Gulf of Aden Security Review
A regularly updated review of both Yemen and the Horn of Africa covering topics related to security, governance, and militant activity.
Yemen: Al Houthi rebels clash with Yemeni troops near Amran; Yemeni tribesman bomb Ma’rib oil pipeline; assailants search media office in Sana’a; AQAP attacks Yemeni military checkpoint
Horn of Africa: AMISOM and Somali forces seize town in Lower Shabelle region; al Shabaab militants attack AMISOM and Somali military bases in Lower Shabelle region; unidentified assailants attack church in Mombasa, Kenya; demonstration against Somali MP turns violent in Bay region; unidentified gunmen kill elders in Bay region
Yemen Security Brief
- Al Houthi rebels clashed with Yemeni troops near Amran city on March 22. According to tribal sources, shooting broke out when Yemeni soldiers prevented armed al Houthi rebels from passing through a military checkpoint near a northern entrance to Amran. Local Yemeni officials reported that at least eight rebels, two Yemeni soldiers, and two civilians were killed in the attack.
- Yemeni tribesmen bombed an oil pipeline in Ma’rib governorate on March 22. An anonymous industry source reported that the pipeline was severely damaged and that oil flow through that pipeline had been halted as a result.
- Unidentified assailants searched the Yemeni Digital Media Office in Sana’a city on March 23. Witnesses report that at least eight armed assailants entered the building, looked through the office’s contents, and threatened to kill the office director, who was absent at the time of the incident.
- Suspected al Qaeda in the Arabian Peninsula (AQAP) militants attacked a Yemeni military checkpoint near Reida, roughly 120-135 kilometers east of al Mukalla, the capital of Hadramawt governorate, on March 24. Yemeni military sources report that the militants drove up to the checkpoint, fired at Yemeni soldiers with automatic weapons, and then threw grenades at a nearby tent, where additional Yemeni soldiers were sleeping. At least twenty Yemeni soldiers were killed in the attack.
Horn of Africa Security Brief
- AMISOM and the SNA seized the town of Qoryoley in Lower Shabelle region from al Shabaab on March 22. AMISOM and SNA forces clashed with al Shabaab militants for several hours before driving the militants from the town. Reports indicate that at least ten were killed in the initial battle. Al Shabaab responded on March 23 by firing upon AMISOM and SNA forces near Qoryoley and launching mortar shells into the town, killing at least four civilians.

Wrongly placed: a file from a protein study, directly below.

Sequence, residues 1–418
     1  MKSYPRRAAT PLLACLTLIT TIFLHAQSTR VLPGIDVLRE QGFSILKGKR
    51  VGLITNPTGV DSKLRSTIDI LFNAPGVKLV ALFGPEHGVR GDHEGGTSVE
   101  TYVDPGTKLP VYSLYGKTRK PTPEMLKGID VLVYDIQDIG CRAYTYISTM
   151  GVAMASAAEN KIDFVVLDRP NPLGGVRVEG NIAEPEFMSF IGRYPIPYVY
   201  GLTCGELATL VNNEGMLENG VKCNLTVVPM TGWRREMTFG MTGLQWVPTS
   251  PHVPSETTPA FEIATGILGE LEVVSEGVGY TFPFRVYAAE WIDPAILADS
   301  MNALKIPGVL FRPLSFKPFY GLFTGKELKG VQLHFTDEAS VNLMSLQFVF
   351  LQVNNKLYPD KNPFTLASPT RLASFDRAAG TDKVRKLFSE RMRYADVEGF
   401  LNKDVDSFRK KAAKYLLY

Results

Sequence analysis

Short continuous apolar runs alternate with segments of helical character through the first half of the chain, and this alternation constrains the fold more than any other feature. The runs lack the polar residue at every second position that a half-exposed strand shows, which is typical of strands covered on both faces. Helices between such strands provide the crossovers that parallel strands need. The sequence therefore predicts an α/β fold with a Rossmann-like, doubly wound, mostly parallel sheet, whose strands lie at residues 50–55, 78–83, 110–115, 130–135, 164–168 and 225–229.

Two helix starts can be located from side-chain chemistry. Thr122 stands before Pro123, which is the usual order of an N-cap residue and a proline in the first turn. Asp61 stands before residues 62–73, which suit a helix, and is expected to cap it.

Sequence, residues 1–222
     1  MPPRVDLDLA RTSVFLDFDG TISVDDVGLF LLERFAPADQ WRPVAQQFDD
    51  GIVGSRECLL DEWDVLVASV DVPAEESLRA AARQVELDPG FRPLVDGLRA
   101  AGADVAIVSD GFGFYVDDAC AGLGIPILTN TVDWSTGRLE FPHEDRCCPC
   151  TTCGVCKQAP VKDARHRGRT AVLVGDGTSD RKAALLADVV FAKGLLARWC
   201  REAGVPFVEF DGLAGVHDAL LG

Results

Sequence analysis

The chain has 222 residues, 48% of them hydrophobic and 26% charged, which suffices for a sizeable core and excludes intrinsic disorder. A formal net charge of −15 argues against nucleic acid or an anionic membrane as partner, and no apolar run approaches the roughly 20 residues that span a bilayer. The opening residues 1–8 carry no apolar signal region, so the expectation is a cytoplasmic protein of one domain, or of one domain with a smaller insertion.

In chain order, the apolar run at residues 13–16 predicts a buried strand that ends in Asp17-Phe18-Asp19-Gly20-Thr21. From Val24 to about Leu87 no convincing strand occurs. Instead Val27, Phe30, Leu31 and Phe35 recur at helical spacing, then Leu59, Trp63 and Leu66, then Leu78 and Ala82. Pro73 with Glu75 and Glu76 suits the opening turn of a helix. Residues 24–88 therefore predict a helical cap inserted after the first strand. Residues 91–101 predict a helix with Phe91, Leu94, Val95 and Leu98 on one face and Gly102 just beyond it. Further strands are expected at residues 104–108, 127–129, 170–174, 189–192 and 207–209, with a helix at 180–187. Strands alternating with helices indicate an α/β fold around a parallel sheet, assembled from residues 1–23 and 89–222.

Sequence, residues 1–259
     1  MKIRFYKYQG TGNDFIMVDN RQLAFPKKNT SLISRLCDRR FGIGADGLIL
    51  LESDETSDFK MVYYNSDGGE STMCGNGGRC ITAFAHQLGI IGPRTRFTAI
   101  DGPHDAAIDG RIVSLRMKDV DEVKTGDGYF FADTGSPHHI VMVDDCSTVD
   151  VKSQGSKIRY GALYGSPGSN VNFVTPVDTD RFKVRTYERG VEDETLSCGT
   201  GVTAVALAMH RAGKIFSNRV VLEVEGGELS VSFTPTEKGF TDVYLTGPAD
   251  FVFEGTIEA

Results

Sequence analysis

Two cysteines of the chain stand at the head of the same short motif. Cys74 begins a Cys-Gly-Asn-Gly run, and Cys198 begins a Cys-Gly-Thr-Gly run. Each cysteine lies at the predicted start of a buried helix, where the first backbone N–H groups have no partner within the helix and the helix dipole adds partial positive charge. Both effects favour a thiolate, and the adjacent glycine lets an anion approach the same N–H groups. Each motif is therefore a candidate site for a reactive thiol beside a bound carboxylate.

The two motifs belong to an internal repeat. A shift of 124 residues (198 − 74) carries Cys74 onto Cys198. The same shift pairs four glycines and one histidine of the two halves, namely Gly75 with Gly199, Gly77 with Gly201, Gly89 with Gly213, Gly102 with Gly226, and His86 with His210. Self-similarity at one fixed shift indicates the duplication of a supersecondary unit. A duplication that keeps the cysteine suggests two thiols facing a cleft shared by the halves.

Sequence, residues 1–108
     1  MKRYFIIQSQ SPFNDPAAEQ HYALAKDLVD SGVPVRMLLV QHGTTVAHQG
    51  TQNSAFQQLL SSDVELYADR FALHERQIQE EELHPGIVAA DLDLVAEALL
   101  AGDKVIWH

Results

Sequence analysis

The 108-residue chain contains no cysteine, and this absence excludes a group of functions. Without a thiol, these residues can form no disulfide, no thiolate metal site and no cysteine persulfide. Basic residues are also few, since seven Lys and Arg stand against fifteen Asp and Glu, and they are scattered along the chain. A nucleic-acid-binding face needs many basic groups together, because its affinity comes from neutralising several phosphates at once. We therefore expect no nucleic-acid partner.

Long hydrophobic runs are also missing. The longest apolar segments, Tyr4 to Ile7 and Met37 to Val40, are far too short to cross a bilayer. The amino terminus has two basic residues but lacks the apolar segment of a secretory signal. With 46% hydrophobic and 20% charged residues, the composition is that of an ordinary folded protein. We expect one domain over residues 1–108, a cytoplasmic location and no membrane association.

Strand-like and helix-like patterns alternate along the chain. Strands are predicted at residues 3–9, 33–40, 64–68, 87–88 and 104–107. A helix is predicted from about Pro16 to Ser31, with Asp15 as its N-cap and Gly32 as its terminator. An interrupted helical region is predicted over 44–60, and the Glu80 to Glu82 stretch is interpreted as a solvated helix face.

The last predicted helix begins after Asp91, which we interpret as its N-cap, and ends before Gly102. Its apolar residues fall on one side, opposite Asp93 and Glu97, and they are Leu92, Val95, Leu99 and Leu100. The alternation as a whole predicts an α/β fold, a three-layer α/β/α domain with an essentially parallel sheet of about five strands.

- Al Shabaab militants attacked AMISOM and SNA military bases near Janale in Lower Shabelle region on March 22. AMISOM and SNA forces exchanged gunfire with the militants, ultimately repelling the attack. Separately, suspected al Shabaab militants ambushed an AMISOM convoy near Shalanbood in Lower Shabelle region on March 23. The militants fired upon the convoy, which was transporting several foreign journalists, as it traveled toward Qoryoley.
- Unidentified assailants attacked a church in Likoni near Mombasa in Kenya on March 23. The assailants opened fire on the church’s congregation, killing six people and injuring approximately twenty more. The assailants reportedly attempted to assault another church before fleeing as Kenyan police arrived. In response, Kenyan police conducted a security operation in the area, apprehending at least 100 individuals for questioning.
- A demonstration against Somali Member of Parliament Sharif Hassan Sheikh Aden, current candidate for leadership of a proposed semiautonomous region in southwestern Somalia, turned violent after supporters of the proposed six state regional administration exchanged fire with supporters of the proposed three-state regional administration in Baidoa in Bay region on March 23. At least two individuals were killed and two others injured in the gunfire.
- Unidentified gunmen killed eight elders in the Burhakaba district of Bay region on March 24. The elders were travelling from the regional administration conferences held in Baidoa in Bay region back to their native Lower Shabelle region. Although Somali Prime Minister Abdiweli Sheikh Ahmed blamed al Shabaab for the killings, al Shabaab released a statement denying responsibility, attributing blame to local militias.